In early November 2011 I had the privilege of being a participant in a fully-licensed humanitarian tour of Cuba with 15 other American men. Our group donated over 200 pounds of medical supplies to a home for elderly women and for an HIV/AIDS clinic.
During this trip we spent time in Havana on the north coast (the Florida Straits connecting the Gulf of Mexico to the Atlantic), and in Trinidad, a much smaller city on the southern Caribbean coast, with a stop in Cienfuegos along the way. It has been fascinating to see what has changed and not changed since my previous visit with a group of educators in 2000, both in terms of the people and the environment in which they live.
What hasn’t changed is that the Cuban people long ago understood that they cannot change either their own government or the American government, and they’ve gotten on with their lives. They are all victims of a political stalemate that is vastly beyond their control, but in their daily lives, they refuse to play the role of passive victims. Despite the extremely low income of most residents of Cuba, most people are well-dressed (especially younger people), have enough to eat, and smile and sing a lot.
Quite striking is the clear sense of shared identity and community which transcends race, age, gender, sexual orientation or profession. In this regard, Fidel and Raul Castro have succeeded in creating a society that at least on the surface is quite egalitarian. This is a society with far more racial integration than is visible in the United States several decades after the landmark civil rights legislation.
A large percentage of the Cubans who still live on the island are of mixed racial background, and most groups of friends that we saw included black, white and mixed-race people. This is also visible among hotel and restaurant staff, salsa dancers in Trinidad, audience members for the flamenco dance performance, chess players in the park, and residents and staff of the home for elderly women where our group donated a portion of our medical supplies.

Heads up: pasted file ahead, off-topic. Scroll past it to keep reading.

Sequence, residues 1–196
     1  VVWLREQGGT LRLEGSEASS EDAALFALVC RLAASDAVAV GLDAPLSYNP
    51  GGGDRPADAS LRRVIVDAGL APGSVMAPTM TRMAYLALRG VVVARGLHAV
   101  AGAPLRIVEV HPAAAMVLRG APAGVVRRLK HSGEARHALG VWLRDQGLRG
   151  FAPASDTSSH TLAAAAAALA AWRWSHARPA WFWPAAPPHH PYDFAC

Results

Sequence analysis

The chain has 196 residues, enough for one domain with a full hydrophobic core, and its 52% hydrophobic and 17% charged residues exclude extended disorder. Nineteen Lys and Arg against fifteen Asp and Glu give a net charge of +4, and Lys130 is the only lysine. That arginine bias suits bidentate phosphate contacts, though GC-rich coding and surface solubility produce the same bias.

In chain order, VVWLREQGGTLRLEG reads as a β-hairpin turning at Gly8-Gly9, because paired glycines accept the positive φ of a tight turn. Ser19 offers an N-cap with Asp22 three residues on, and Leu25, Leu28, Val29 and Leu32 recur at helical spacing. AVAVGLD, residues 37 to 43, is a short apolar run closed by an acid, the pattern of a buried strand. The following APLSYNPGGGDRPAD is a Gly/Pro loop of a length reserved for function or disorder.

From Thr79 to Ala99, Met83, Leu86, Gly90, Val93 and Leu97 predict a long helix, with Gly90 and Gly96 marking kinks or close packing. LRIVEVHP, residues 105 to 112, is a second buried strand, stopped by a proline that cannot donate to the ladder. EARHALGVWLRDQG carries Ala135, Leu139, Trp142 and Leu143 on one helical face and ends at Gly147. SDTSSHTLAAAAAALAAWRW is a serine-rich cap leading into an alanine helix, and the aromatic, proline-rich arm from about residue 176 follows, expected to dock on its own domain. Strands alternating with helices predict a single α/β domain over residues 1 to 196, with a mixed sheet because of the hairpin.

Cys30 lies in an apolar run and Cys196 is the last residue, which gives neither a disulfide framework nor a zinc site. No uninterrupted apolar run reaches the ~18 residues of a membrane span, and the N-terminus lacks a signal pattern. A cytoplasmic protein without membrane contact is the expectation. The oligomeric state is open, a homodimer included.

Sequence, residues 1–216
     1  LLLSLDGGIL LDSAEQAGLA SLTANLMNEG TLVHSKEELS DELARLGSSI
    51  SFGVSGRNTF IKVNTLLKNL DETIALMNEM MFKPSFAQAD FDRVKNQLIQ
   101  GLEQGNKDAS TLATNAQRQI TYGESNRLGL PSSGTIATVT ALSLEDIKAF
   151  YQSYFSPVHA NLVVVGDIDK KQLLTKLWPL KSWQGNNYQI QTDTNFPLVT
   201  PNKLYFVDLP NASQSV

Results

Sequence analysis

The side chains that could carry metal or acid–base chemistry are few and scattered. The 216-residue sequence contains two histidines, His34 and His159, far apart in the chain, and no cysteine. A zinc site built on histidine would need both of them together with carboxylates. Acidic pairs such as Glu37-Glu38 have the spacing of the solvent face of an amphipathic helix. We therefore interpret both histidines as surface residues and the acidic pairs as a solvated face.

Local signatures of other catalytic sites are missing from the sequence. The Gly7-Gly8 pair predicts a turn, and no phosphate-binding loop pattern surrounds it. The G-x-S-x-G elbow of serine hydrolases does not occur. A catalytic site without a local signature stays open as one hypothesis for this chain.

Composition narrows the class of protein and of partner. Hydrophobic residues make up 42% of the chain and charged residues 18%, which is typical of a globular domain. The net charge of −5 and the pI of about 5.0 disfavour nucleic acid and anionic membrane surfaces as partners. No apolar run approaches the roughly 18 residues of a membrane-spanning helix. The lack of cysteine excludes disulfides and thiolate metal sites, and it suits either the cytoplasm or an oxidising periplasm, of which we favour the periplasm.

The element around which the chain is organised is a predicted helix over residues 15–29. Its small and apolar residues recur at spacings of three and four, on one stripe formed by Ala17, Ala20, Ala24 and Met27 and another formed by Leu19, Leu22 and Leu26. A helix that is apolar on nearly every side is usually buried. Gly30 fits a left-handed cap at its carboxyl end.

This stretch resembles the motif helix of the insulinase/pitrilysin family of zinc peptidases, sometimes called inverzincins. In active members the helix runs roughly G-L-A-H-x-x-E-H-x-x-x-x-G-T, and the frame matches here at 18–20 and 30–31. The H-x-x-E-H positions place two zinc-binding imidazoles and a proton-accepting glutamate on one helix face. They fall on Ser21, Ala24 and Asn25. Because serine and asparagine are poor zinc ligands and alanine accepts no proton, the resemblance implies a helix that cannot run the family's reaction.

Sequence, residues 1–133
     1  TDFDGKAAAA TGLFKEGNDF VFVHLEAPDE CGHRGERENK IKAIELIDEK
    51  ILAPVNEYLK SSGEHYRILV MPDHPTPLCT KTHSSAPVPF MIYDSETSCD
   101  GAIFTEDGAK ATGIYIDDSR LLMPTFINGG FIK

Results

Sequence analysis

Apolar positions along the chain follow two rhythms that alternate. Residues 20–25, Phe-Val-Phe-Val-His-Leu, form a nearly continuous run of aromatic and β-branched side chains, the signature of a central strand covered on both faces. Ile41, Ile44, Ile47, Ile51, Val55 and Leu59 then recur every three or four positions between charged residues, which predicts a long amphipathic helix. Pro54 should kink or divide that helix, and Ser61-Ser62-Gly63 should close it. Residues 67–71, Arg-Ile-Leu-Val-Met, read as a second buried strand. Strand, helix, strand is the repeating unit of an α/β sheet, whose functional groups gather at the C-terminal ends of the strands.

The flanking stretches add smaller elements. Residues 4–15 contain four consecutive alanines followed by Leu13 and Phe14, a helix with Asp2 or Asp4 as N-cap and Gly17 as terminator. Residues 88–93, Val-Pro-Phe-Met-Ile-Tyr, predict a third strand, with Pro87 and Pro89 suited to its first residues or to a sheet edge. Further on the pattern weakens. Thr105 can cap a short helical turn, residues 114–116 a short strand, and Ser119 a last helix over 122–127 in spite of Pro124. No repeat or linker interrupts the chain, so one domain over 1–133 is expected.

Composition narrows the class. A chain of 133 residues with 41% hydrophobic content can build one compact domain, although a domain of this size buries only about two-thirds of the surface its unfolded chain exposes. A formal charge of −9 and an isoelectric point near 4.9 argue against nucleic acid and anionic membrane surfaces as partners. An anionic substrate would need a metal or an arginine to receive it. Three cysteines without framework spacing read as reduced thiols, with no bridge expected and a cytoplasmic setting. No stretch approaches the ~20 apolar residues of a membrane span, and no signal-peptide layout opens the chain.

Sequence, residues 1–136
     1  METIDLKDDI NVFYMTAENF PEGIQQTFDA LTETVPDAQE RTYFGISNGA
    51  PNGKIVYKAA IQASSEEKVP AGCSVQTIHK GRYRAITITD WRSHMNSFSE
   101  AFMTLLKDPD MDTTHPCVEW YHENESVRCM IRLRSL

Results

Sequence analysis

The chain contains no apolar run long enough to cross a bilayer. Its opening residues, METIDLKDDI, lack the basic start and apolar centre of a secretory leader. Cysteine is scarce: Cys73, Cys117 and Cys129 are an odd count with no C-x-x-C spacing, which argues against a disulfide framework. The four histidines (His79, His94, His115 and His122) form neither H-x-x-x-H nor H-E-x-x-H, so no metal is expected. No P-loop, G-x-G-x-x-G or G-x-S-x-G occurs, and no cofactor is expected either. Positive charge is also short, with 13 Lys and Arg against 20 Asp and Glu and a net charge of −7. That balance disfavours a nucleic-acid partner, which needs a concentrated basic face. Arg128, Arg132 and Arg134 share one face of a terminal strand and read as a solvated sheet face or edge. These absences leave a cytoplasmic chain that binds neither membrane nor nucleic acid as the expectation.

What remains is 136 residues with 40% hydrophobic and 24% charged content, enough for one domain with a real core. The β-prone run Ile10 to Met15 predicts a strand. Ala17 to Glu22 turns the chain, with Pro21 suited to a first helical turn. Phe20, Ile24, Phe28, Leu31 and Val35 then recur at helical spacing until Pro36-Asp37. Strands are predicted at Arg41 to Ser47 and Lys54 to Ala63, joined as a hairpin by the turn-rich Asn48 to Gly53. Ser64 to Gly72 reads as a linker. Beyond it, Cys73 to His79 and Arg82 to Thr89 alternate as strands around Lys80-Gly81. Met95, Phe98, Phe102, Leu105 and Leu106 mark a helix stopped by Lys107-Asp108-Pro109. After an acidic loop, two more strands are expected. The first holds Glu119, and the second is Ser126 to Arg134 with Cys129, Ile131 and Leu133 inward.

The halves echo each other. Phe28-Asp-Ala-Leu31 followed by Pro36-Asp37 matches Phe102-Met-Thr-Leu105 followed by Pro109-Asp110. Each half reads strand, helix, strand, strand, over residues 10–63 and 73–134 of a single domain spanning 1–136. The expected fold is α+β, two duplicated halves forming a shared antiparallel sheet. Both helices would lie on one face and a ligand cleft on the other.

Contemporary Cuba is famous for its classic cars from the 1950s and for its large sections of grand buildings built as far back as colonial times. On the surface, the city of Havana has not changed much during the decade since my last visit. However, most building facades show another decade of deterioration, and too many of those facades betray empty space behind, where walls and roofs have caved in.
There are virtually no recently-built buildings, either in the city center of Havana, the suburbs, the countryside or in the smaller cities of Cienfuegos and Trinidad. However, in the heart of Havana’s historic district there are several grand old buildings that have been restored and turned into restaurants and shops. This demonstrates the potential of this area, and offers hope as one surveys the vast stock of dilapidated buildings. The renovations are part of a creative process that began with a UNESCO grant, and has become a self-sustaining loop with funds from thriving new businesses being used to renovate other buildings.
In Havana we were exposed to artists in several different mediums. We had a lecture on the diversity of Cuban music and several members of our group attended a Spanish flamenco dance performance at Havana’s largest theatre. We also drove to the upscale Miramar district to the home of Jose Fuster, a very creative Cuban artist. His specialty is colorful ceramic tiles, and these adorn all the walls of his home – and his neighbors’ homes – and the walls in front of each house – and the bottom of his swimming pool.
One night several of us had drinks on the panoramic terrace of the Hotel Nacional, a huge classic hotel overlooking the sea. From there we walked back to our hotel along the Malecon, Havana’s seawall. Along the way were various couples and groups of friends, but at one spot our “gaydar” went off and the smiles from the guys there assured us that we had found the gay part of the Malecon. We found a couple of young men who had fairly good English and we wound up sitting down with them for drinks and getting their perspective on what it is like to be gay in a country where most young men live with their parents until marriage (not easy). Outlets such as the Malecon wall, parties that move between different venues and a couple of dance clubs provide them a chance to meet friends.